Thanks for your promptly answer.Perhaps in the near future I will carry out some comparison tests.If I get any significant/interesting results I will share them here.

Cheers,

Carlos.

Hi,

you can use the full_output flag (borrowed from the scipy.optimize.leastsq function) to obtain further information about the solution:

popt, pcov, infodict, mesg, ier = curve_fit(func, xdata, ydata,p0=(1.0,0.2),full_output=1)

With that call you can now estimate the residuals as:

fres = sum(infodict['fvec']**2)

BTW, great posts.

Paulo Xavier Candeias

Thanks, Paulo.

Hi again,

@Paulo Thanks for the tip.With this information relevant postprocessing ca be achieved.

Well after a reading from internet,SciPy and matlab docs and trying out some ideas my conclusion regarding the performance for nonlinear regression goes as follows:

Python: Using scipy.optimize methods, either leastsq or curve_fit, is a working way to

get a solotion for a nonlinear regression problem.As I understood the solver

is a wrapper to the MINPACK fortran library, at least in the case of the L-M

algorithm, which is the one I am working with.This suppose to avoid wheel

reinventing stages.However in my case this had two downsides.First,passing a

python numpy.array of dimension other than (dimesnion,)

seems not to work properly. And second, I wanted to use a slightly modification

of the classical L-M algorithm but since the code is not in python then it was

not very easy to do this.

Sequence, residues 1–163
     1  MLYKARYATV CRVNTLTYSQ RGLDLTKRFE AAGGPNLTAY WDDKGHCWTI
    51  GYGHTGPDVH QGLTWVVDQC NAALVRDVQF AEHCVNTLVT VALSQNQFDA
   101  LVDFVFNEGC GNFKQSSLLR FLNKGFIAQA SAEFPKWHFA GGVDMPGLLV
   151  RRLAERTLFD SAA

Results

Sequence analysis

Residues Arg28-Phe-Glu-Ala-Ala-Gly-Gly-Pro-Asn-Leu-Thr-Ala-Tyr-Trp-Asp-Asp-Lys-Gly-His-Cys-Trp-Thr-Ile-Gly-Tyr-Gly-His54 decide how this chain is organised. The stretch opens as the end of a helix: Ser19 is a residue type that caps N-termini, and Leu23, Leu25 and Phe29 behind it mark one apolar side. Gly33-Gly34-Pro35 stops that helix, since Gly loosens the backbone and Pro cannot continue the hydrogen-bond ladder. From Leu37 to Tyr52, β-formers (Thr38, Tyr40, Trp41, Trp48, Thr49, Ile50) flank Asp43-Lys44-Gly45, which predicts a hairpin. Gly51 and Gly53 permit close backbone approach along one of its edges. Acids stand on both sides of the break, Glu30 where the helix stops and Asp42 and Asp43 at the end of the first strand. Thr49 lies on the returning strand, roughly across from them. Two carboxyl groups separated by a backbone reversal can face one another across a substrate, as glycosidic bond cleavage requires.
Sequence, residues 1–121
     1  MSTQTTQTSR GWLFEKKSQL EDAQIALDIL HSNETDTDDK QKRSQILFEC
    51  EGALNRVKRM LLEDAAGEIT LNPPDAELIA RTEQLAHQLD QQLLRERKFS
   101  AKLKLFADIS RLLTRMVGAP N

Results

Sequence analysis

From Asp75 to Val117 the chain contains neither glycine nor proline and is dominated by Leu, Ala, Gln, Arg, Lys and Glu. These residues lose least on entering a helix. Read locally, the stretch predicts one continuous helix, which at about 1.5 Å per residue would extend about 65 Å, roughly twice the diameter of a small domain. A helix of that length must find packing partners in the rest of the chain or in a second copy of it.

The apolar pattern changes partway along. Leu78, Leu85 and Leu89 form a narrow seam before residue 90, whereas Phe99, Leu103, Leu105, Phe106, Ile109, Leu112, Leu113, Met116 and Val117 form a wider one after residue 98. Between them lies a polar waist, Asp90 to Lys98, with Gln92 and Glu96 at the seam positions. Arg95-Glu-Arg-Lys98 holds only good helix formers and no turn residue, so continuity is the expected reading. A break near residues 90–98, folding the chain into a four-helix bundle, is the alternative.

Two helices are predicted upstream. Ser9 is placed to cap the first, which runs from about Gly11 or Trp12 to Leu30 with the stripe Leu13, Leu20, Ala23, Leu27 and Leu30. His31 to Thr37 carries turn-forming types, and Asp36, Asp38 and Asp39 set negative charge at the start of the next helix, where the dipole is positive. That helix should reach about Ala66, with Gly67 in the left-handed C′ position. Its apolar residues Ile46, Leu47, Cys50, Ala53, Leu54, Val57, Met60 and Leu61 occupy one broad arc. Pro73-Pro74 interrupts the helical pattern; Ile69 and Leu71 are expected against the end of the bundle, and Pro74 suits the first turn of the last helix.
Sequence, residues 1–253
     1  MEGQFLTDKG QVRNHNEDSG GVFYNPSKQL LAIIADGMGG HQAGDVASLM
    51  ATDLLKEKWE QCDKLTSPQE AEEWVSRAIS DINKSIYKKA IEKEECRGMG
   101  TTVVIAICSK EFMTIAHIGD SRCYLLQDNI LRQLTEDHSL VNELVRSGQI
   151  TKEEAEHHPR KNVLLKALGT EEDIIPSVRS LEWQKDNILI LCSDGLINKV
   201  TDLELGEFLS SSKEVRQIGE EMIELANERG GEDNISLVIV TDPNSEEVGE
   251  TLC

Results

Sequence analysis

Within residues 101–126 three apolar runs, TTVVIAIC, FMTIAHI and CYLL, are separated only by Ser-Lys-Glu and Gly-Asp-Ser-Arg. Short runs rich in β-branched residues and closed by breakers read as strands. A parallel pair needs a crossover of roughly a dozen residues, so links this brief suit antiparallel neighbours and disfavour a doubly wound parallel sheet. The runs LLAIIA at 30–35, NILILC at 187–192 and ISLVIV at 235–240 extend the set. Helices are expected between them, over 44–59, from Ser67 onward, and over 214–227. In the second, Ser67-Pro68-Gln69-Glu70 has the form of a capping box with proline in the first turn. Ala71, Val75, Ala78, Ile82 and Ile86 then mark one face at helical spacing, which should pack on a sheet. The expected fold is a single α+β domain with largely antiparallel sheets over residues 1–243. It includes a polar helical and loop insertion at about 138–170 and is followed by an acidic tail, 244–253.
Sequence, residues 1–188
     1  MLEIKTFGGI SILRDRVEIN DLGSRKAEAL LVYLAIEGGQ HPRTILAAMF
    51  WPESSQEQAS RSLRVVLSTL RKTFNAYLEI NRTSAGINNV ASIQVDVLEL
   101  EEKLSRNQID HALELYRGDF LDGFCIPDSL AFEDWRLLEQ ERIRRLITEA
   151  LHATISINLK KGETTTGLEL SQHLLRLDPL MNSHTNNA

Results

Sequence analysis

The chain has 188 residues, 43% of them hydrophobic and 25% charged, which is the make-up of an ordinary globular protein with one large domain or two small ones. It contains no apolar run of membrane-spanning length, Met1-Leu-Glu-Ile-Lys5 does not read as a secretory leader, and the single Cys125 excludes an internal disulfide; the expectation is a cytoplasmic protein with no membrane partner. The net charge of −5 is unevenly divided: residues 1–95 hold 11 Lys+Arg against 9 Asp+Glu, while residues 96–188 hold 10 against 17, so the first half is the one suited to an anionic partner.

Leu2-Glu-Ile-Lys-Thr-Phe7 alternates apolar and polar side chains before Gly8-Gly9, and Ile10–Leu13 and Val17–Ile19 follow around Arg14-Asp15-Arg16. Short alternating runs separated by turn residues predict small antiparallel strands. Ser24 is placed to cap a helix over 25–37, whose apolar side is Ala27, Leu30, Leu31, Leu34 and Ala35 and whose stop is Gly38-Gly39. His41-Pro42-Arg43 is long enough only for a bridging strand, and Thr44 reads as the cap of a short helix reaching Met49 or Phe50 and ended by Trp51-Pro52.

Matlab: Mike kindly explained different ways to get a nonlinear optimisation problem

solved using no toolbox, stat,opt TBs or using the NAG library.I have

just looked into the ‘nlinfit’ from the stats TB. Comparing this against the

scipy alternatives I can say that the main difference algoritmic-wise is that

this routine incorporates some enhancements to the classical algorithmm.These

include iterative re-weighting and robust strategies.

I summary I would say that if using scipy routines is enough for your case then there is

not need to make things more complex. However, if you ever find yourself struggling to get

the desired performance it might be worth looking into matlab or other software tool which implements some improvements to the basic algorithm.Or try to implement any enhancement you might need/want to try in python.This can be time consuming and error prone though.Anyway, I hope this can be useful for other people.

Carlos.

Thank you very much for the most clear information on how to work with curve_fit. I have searched pretty much everywhere in Google and this explanation seems to be the easiest to follow. Wonder why scipy docs don’t have examples like these?!!

S.Srivatsan

Hi Mike,

I found this example very useful for my quick prototyping. Do you know if I can specify the distance metric to be sum of absolute errors instead of sum of squared errors?

Anurag

Hi Anurag,

I think not, the problem resides in the mathematical formulation of the problem. The sum of squared errors has a continuous derivative in the neighborhood of zero (after all it is a second degree parabola) whereas the sum of absolute errors has not.

Paulo Xavier Candeias